Let’s be clear, Lampkin is undersized, to the point where you aren’t sure if it can work at the next level. But the college performance is simply too good to not explore the possibility. A state-champion wrestler, he has an advanced understanding of leverage and hand usage, which allows him to keep pass rushers away from his quarterback. After allowing just five pressures on 387 pass sets in 2021, he’s back at it again this year, allowing two through nearly 200 pass-blocking snaps.
He’s also good in space, whether pulling, climbing or getting out in front of screen passes, which allows him to still be effective in the run game, even if he’ll never be a mauler.
Bryan Bresee, DT, Clemson (No. 11)
Clemson at Florida State, 7:30 p.m., ABC
It’s time to consider Levi Onwuzurike’s back might be a permanent issue and he’ll never offer meaningful contributions for the Lions. That would be an unfortunate blemish on general manager Brad Holmes’ resume, but you compound the mistake by lingering on it. The team shouldn’t hesitate to find more interior talent to pair with promising and productive nose tackle Alim McNeill.
Breesee comes with his own injury concerns, having missed most of last season because of a torn ACL. He’s still working toward proving he’s back to form, and after missing the last two games for non-football reasons, a nationally televised game against the Seminoles provides a good opportunity to remind people why he’s previously been discussed as a top-10 talent.
Breesee has an NFL-ready frame, at 6-foot-5, 310 pounds, and plays with good power and exceptional burst off the snap from the inside. A quality run defender who is strong enough to take on double-teams and athletic enough to make plays moving laterally, that latter skill shows up with his ability to penetrate the pocket when lined up across from an opposing guard. In his seven starts across the past two seasons, he’s generated 21 quarterback pressures.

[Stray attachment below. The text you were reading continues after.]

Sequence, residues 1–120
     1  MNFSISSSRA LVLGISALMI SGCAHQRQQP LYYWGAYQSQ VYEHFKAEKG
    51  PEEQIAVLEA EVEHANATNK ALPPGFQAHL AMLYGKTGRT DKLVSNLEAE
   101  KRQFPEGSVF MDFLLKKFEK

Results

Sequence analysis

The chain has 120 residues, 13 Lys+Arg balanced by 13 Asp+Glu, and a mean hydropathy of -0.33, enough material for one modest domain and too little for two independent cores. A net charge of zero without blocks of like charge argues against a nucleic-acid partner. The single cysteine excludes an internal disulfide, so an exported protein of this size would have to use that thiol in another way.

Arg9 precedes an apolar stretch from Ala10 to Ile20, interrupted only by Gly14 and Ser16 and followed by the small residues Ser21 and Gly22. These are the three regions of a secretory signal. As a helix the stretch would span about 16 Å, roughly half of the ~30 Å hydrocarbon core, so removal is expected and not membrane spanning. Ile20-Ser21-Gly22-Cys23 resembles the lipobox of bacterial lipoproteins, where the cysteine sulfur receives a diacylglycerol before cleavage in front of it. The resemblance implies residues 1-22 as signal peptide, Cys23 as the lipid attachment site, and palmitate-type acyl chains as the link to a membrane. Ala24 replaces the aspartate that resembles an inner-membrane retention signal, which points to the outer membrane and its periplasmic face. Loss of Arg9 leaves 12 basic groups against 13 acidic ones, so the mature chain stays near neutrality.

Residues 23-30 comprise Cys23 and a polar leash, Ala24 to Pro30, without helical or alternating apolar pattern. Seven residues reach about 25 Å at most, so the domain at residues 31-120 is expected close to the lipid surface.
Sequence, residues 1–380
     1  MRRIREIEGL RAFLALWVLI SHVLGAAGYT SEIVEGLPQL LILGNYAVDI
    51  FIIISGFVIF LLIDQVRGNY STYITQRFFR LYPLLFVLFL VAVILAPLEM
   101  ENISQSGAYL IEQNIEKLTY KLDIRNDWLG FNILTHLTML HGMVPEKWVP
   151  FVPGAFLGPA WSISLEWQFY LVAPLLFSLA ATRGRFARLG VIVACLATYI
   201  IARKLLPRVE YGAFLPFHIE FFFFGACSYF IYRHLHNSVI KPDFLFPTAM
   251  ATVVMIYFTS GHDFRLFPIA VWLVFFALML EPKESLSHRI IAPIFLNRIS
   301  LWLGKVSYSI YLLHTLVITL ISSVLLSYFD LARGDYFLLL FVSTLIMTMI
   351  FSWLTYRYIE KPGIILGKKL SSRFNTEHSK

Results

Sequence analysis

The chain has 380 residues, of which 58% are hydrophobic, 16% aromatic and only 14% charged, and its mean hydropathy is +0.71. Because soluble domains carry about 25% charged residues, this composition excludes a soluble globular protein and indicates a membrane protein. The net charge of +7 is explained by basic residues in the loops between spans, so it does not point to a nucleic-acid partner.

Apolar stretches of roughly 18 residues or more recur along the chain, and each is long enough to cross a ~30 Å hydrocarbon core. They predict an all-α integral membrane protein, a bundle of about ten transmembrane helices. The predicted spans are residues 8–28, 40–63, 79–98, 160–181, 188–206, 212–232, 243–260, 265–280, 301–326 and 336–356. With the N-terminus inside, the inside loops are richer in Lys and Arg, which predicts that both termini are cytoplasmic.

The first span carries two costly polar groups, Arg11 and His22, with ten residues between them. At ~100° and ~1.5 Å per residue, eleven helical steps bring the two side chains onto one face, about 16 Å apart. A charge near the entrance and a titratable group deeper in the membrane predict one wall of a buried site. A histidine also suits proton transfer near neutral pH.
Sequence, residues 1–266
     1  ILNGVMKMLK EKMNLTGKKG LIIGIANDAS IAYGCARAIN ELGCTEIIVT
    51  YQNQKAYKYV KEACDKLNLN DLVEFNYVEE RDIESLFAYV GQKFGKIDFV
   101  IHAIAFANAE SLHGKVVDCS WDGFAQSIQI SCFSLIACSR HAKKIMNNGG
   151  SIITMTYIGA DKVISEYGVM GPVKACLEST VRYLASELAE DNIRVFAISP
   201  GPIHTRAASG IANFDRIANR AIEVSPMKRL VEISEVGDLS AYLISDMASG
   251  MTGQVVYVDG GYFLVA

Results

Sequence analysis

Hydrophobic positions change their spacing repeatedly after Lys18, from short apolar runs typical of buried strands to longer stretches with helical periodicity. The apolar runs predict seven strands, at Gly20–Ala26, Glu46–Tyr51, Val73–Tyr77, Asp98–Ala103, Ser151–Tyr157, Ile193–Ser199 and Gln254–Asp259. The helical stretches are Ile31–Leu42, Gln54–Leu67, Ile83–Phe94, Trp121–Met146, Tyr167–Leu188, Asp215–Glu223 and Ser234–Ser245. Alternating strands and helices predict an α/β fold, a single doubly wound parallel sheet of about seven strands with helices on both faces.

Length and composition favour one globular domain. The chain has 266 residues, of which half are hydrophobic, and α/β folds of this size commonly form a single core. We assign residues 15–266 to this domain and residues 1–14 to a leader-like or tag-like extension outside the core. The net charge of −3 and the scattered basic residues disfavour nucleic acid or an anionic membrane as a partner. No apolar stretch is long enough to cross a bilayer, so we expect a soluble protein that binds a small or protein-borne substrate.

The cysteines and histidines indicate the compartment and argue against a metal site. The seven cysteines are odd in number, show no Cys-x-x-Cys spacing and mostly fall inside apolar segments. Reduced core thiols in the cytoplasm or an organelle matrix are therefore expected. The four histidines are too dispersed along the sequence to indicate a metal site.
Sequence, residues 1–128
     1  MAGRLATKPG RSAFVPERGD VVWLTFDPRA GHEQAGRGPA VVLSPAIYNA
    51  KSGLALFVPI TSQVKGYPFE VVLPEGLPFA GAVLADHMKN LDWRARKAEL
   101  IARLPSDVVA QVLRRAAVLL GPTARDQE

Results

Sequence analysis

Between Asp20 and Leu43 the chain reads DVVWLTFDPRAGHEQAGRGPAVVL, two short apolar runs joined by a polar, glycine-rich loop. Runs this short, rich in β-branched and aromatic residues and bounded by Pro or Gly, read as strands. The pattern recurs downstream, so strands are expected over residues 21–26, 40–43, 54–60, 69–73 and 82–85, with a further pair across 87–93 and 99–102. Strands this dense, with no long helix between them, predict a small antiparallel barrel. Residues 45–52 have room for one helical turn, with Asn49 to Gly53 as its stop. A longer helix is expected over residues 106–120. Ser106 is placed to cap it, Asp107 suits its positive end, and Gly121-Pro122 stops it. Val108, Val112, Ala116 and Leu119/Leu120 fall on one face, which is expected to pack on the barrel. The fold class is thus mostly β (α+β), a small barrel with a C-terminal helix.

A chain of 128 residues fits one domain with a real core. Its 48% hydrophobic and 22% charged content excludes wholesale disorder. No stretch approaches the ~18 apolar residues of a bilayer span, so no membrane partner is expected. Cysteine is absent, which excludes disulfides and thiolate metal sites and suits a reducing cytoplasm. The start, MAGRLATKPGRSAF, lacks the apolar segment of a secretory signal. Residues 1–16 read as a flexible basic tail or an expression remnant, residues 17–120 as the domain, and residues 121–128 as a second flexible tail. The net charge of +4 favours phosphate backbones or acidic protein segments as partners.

Isaiah Foskey, Edge, Notre Dame (No. 7)
Stanford at Notre Dame, 7:30 p.m., NBC
The Lions have been generating QB pressure at a slightly better rate than last year, but have had to do so by leaning more heavily on the blitz. That’s because the front four aren’t consistently winning their individual matchups as pass rushers.
Now, there’s every reason to believe things will eventually click for Aidan Hutchinson, the No. 2 pick in the most recent draft, but Charles Harris has regressed after his unexpected breakout season, Romeo Okwara, whenever he gets back, might never be the same after tearing his Achilles, and Julian Okwara and Austin Bryant have yet to show any consistency as professionals.
Therefore, the Lions need to continue to seek talent on the edges, and Foskey is going to be one of the top options in this class.
Breaking out with 10.0 sacks during his junior campaign last season, the 6-foot-5, 265-pounder is proving more disruptive off the edge this season, even if the sack numbers might be a little down. He tallied 32 total quarterback pressures in 13 games last season, but already has 18 through five contests this year.
Foskey brings to the table a nice combination of length, burst and hand usage, while showcasing the versatility to play multiple spots within the defensive front for the Irish. He’ll need to continue to add strength and improve his leverage to consistently set an edge against NFL offensive tackles, but that’s of secondary concern to Detroit’s need for more talent capable of affecting the quarterback.